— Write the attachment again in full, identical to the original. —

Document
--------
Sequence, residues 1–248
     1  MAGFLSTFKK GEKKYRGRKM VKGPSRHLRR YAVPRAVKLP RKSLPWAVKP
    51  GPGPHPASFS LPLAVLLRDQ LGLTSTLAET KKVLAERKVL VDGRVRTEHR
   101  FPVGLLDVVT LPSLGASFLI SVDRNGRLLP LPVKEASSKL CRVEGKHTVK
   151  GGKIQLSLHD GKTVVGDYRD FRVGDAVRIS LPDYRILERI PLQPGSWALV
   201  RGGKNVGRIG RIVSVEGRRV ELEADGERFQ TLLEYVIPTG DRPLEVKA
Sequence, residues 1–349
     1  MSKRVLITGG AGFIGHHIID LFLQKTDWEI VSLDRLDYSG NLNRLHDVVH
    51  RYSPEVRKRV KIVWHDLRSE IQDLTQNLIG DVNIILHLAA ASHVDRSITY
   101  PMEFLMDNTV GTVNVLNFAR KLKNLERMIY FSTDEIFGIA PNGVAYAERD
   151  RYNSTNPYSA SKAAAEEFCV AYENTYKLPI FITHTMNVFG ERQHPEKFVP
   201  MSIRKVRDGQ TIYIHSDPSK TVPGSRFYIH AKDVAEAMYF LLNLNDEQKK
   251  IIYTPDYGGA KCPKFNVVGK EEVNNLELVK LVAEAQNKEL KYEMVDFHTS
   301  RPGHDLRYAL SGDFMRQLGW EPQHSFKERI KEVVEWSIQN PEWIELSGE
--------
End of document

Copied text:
Sequence, residues 1–248
     1  MAGFLSTFKK GEKKYRGRKM VKGPSRHLRR YAVPRAVKLP RKSLPWAVKP
    51  GPGPHPASFS LPLAVLLRDQ LGLTSTLAET KKVLAERKVL VDGRVRTEHR
   101  FPVGLLDVVT LPSLGASFLI SVDRNGRLLP LPVKEASSKL CRVEGKHTVK
   151  GGKIQLSLHD GKTVVGDYRD FRVGDAVRIS LPDYRILERI PLQPGSWALV
   201  RGGKNVGRIG RIVSVEGRRV ELEADGERFQ TLLEYVIPTG DRPLEVKA
Sequence, residues 1–349
     1  MSKRVLITGG AGFIGHHIID LFLQKTDWEI VSLDRLDYSG NLNRLHDVVH
    51  RYSPEVRKRV KIVWHDLRSE IQDLTQNLIG DVNIILHLAA ASHVDRSITY
   101  PMEFLMDNTV GTVNVLNFAR KLKNLERMIY FSTDEIFGIA PNGVAYAERD
   151  RYNSTNPYSA SKAAAEEFCV AYENTYKLPI FITHTMNVFG ERQHPEKFVP
   201  MSIRKVRDGQ TIYIHSDPSK TVPGSRFYIH AKDVAEAMYF LLNLNDEQKK
   251  IIYTPDYGGA KCPKFNVVGK EEVNNLELVK LVAEAQNKEL KYEMVDFHTS
   301  RPGHDLRYAL SGDFMRQLGW EPQHSFKERI KEVVEWSIQN PEWIELSGE